Imagine building a city with just two types of buildings: red homes and green offices. You spread the buildings out evenly, alternating red and green. Now, imagine that same city with neighborhoods and business districts. The 3-D map would have distinct areas of red and green. Dr. Xiao-Ying Yu at DOE's Pacific Northwest National Laboratory and her colleagues ended up with a similar map when they delved into a popular solvent, known as a switchable ionic liquid, or SWIL. The team drew the first chemical map of a SWIL.
"We saw something no one had seen before—chemistry that no one had seen before," said Yu, the PNNL chemist who led the team.
These switchable liquids capture carbon dioxide, serve as templates for tiny designer particles and extract desirable chemicals from biomass. SWILs are easier to control and produce less waste than conventional techniques. However, scientists didn't know exactly what happened inside the liquid. The team's research offers a detailed map of how SWILs work. The study gives scientists insights to better control existing SWILs and to design new, more effective liquids for green separation. In addition, SWILs may also serve as soft templates for creating extremely small structures.
"It gives us a deeper understanding of what the solvents are doing and how they behave," said Dr. David Heldebrant, a PNNL scientist studying the chemistry of carbon dioxide.
Used to capture carbon dioxide, synthesize nanoparticles and help turn biomass into biofuels, SWILs are a popular solvent. Sadly, these liquids are difficult to control and improve. Why? The inner workings of the liquids were a mystery. While many thought that SWILs were homogeneous when they were completely loaded with carbon dioxide, the team wasn't convinced. Working with theorists at PNNL, Yu and her colleagues examined computational simulations and calculations that showed distinct regions in the SWILs, even when the chemistry said it should be homogeneous.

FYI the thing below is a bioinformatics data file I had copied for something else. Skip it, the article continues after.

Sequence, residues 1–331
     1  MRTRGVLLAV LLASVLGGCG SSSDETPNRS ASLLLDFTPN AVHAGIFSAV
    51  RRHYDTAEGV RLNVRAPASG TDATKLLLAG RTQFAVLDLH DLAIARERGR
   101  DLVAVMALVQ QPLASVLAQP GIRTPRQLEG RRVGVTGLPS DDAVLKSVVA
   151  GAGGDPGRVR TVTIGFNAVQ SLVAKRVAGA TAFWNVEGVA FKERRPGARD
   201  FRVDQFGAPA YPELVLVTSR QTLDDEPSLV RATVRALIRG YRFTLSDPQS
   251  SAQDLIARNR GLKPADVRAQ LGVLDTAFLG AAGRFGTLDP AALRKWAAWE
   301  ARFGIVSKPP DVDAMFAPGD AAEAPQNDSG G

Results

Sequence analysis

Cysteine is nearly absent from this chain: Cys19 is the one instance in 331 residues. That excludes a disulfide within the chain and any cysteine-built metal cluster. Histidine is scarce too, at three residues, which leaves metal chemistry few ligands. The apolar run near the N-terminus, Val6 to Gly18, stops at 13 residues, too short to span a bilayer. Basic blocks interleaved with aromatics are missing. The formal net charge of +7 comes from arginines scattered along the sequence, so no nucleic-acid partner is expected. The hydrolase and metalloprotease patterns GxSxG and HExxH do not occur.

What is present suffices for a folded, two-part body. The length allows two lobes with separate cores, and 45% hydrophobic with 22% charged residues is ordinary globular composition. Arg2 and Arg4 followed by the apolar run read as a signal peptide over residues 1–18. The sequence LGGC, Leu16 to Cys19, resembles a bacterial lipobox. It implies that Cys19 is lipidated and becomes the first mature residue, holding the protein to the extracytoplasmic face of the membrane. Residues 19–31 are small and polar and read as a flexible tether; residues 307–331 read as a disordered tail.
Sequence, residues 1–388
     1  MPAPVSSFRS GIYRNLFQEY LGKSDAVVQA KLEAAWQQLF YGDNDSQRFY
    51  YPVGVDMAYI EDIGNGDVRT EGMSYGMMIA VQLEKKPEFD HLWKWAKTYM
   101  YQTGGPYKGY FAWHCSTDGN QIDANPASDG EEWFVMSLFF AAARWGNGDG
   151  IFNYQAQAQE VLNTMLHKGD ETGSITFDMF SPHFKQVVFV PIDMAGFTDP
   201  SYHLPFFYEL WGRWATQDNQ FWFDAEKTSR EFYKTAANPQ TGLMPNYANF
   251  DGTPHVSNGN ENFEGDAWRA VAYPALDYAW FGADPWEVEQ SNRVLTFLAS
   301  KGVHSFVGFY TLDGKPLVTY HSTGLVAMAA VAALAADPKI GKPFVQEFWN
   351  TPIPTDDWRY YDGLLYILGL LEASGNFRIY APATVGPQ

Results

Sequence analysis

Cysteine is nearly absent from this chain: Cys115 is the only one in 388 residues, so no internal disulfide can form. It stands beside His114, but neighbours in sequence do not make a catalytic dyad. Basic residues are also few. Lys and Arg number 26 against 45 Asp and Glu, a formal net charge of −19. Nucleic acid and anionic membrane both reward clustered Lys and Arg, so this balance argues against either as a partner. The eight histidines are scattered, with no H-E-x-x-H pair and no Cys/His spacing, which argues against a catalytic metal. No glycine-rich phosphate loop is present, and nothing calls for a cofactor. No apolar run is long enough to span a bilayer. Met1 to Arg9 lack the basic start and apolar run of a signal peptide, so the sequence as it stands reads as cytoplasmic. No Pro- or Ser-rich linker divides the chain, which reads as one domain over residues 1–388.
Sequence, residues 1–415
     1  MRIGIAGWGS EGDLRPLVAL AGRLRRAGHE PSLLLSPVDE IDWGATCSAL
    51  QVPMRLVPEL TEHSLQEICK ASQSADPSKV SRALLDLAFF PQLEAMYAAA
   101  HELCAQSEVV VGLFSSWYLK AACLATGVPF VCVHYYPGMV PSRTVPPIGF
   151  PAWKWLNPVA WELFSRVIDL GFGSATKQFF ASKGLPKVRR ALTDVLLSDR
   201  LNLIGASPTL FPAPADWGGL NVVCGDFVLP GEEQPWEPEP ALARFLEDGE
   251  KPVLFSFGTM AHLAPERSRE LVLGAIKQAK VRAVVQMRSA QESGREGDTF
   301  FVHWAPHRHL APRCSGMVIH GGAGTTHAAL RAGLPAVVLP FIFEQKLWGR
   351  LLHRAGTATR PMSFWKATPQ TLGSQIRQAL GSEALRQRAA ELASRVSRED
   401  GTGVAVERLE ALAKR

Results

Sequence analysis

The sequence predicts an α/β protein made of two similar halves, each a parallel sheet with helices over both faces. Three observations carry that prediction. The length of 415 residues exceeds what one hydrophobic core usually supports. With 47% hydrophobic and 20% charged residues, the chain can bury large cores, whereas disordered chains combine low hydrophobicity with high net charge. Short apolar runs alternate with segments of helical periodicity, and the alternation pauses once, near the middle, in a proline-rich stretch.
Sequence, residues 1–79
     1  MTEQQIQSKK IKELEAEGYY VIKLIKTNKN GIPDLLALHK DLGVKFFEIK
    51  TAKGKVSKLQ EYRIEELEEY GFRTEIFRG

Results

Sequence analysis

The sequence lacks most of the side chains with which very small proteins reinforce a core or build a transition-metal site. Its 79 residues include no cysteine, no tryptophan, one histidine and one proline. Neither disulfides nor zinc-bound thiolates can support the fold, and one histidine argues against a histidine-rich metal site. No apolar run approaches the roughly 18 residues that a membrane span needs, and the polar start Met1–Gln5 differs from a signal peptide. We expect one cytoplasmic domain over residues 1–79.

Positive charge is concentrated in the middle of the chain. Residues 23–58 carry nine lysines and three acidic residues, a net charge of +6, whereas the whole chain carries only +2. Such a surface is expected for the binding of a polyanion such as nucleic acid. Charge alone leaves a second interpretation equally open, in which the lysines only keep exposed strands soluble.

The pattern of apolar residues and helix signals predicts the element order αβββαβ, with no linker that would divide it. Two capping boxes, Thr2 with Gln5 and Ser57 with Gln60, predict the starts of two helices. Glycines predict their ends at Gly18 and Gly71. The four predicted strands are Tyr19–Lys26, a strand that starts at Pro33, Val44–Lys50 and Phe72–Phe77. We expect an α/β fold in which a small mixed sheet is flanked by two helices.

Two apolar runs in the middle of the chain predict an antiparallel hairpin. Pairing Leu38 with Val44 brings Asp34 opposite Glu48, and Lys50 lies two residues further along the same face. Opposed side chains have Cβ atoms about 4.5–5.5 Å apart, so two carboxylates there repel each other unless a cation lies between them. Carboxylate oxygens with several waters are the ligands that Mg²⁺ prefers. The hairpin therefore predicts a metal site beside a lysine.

The team took a two-pronged approach to drawing up a 3-D chemical map of a SWIL. One involved analyzing the liquid using instruments such as a time-of-flight secondary ion mass spectrometer (SIMS) at DOE's EMSL, a scientific user facility. "We are one of the few groups that can do SIMS analysis of liquids and liquid interfaces," said Yu. "Most places have to dry the sample up or use other bulk approaches. We don't."
Yu along with Juan Yao and Dr. Zihua Zhu analyzed the mass spectrometer data with insights from their synthesis colleagues.
They also conducted a series of experiments that combined the award-winning SALVI technology. SALVI, or System for Analysis at the Liquid Vacuum Interface, allows imaging instruments that require putting the air-sensitive ionic liquid sample under a vacuum to study liquids reacting in real time and in a realistic environment. SALVI, small enough to fit in the palm of a hand, requires as little as two drops of a liquid. The team used SALVI with a chemical dynamic photon beamline at DOE's Advanced Light Source, another scientific user facility. They found supporting evidence of the SWIL components, complementing the SIMS observations.
In analyzing the results from the two approaches and the earlier theoretical study, the team created a 3-D map for the fluid. "This research opened the flood gates," said Dr. Satish K. Nune, a PNNL chemist who worked on the study. "It gave a lot of people new ideas about SWIL chemistry."
At PNNL, SWIL research continues to yield new insights. Yu is leading work into using SWILs as a model system for examining solvent structure via SALVI at DOE light sources. Heldebrant is studying how to manipulate SWIL structures to efficiently capture carbon dioxide. Nune is leading efforts on using SWILs to harvest water from air using less energy.
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Juan Yao et al. Two coexisting liquid phases in switchable ionic liquids, Phys. Chem. Chem. Phys. (2017). DOI: 10.1039/c7cp03754f